In Martin Marietta Corp. v. Lorenz, 823 P.2d 100 (Colo.1992) (Lorenz ), our supreme court held that employees terminated for refusing to engage in unlawful or unethical conduct could state a cognizable claim for wrongful discharge. See Weissman, 938 P.2d at 552.
In Weissman, our supreme court recognized that in certain circumstances, an employee terminated in retaliation for exercising a job-related right could also state a cognizable claim for wrongful discharge. Id. In addition, the Weissman court reiterated the public's interest in prohibiting employers from placing employees in the untenable position of keeping a job only by forsaking a public duty. Id. at 551.
As pertinent here, the public policy exception allows at-will employees to pursue claims for wrongful discharge if they allege that they were discharged because they engaged in conduct that is protected or encouraged as a matter of public policy. Floyd, 978 P.2d at 666-67.
Thus, a plaintiff may state a claim for retaliatory discharge in violation of public policy by alleging that he or she was employed by the defendant; that the defendant discharged him or her; and that the defendant discharged him or her in retaliation for exercising a job-related right or performing a specific statutory duty, or that the termination would undermine a clearly expressed public policy. See Lorenz, 823 P.2d at 109; Lathrop v. Entenmann's, Inc., 770 P.2d 1367, 1373 (Colo.App.1989); see generally CJI-Civ. 31:12 (2008) (illustrating the legal principle in Lathrop ).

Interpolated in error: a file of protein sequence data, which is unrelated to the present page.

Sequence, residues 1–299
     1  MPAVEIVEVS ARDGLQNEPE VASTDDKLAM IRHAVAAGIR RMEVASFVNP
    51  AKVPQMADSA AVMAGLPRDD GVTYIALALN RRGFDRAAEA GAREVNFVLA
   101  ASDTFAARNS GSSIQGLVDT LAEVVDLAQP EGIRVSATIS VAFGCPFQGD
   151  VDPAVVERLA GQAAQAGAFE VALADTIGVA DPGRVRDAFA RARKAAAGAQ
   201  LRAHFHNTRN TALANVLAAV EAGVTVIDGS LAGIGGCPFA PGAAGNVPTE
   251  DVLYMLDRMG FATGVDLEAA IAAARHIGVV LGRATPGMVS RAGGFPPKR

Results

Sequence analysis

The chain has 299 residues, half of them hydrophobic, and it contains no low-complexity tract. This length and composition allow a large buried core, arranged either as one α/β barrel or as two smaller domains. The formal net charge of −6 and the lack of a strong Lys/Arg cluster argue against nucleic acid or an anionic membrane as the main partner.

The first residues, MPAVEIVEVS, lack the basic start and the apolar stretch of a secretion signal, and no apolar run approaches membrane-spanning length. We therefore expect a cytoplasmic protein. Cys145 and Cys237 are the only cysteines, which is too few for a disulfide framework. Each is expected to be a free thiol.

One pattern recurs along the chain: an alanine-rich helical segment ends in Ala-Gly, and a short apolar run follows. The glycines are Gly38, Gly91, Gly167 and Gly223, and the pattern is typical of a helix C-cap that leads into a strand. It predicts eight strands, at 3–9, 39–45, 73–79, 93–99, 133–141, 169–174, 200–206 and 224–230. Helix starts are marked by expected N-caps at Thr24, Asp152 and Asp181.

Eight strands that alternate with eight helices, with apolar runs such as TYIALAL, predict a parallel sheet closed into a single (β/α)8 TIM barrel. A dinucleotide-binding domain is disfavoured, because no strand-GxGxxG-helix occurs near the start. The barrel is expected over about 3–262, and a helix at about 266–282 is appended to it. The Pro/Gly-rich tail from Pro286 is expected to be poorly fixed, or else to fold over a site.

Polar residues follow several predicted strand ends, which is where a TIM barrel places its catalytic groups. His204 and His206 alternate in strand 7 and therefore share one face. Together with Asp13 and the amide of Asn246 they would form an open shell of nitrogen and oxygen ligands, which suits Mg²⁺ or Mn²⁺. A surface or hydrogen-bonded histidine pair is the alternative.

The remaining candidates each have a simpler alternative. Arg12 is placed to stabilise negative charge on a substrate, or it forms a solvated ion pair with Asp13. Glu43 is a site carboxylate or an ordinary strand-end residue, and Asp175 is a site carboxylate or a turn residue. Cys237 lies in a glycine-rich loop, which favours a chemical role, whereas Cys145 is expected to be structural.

A plaintiff asserting a claim for wrongful discharge in violation of public policy must also allege that the public policy invoked “truly impacts the public in order to justify interference into an employer's business decisions.” Weissman, 938 P.2d at 552 (quoting Rocky Mountain Hosp. & Med. Serv. v. Mariani, 916 P.2d 519, 525 (Colo.1996) (Mariani )).